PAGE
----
Walk 5 – Breslin Park
A walk that haunted me
For 11 years, I have driven past this park every day on my way to work. Rarely had I ever glanced out my window to peek at it; never had I stopped my car to walk in it.
I parked next to a red truck – the only other vehicle in the lot. I got out of my car and walked to the men’s bathroom. Opening the door, I saw a man asleep, shoeless and shirtless, blocking the entry. I walked around to the ladies room – three men lay there, inside and outside the restroom.
My first reaction was to walk away. I did. I headed across the parking lot to the one-third mile path looping around the park. But my first instinct was to get away from the homeless men. I didn’t say, “Good morning.” I didn’t ask if they needed help. I wanted to get away.
The path ducked behind a small grove of trees and bushes, blocking the view of the rest of the park. A woman exited as I entered. A few steps further, a man and his dog headed toward me. The path hugged the old brick wall of Cave Hill Cemetery. As I emerged from the trees, the three men still rested by the ladies room. I continued my walk around the playground. I came to a drainage area and stopped. In the parking lot, only my car remained. I figured I’d walk a couple more circuits of the loop then head to work.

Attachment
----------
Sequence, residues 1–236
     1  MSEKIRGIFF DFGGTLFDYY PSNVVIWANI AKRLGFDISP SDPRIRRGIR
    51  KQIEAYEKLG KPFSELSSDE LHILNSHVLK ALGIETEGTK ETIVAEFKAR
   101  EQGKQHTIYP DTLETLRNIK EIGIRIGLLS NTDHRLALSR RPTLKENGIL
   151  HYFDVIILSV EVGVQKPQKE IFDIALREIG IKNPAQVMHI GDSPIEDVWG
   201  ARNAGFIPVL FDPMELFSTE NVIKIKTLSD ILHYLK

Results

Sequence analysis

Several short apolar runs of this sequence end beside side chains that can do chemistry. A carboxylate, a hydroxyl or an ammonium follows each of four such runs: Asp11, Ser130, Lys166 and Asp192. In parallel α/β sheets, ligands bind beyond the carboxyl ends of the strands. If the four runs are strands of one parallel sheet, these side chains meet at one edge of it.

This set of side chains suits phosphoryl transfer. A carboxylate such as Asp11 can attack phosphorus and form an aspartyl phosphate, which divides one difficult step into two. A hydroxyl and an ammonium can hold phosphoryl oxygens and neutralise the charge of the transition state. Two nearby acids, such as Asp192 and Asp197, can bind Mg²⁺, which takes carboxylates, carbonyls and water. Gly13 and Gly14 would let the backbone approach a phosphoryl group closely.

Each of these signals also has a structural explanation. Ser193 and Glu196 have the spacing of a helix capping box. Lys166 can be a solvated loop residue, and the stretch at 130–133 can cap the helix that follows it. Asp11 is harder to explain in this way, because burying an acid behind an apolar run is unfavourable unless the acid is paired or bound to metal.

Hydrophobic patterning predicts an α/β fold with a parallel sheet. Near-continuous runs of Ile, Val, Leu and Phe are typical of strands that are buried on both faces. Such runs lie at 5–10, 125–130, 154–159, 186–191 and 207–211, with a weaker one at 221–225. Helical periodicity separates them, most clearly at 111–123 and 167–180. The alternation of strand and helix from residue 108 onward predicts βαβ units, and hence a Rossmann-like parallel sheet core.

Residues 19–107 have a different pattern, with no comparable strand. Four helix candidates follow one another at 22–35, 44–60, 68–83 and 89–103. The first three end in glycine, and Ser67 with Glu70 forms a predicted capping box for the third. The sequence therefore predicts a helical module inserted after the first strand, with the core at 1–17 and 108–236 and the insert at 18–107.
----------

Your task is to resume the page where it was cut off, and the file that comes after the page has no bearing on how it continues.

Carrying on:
Then another man, across Lexington Road, yelled out in incoherent bursts. He walked across the street, heading toward the men in the ladies room. He continued to yell out.
I walked to my car and drove off.
It wasn’t an unnerving experience. But it was a reminder of my own weakness and of our failings as a civic community. Four or five homeless men among thousands. By some estimates, the Louisville area needs 31,000 dwelling units to ensure housing for every homeless and at-housing-risk man, woman and child in the area. Let me say that again – thirty one thousand units. In street counts, homeless people are found in every single zip code in the area. How can we fail so many people so profoundly?
For years I served on the Board of St John Center, a homeless services agency. Its former Executive Director often said, “Seeing men and women homeless should trouble us. It should haunt us as a community.”
That’s what I felt like on this walk – haunted.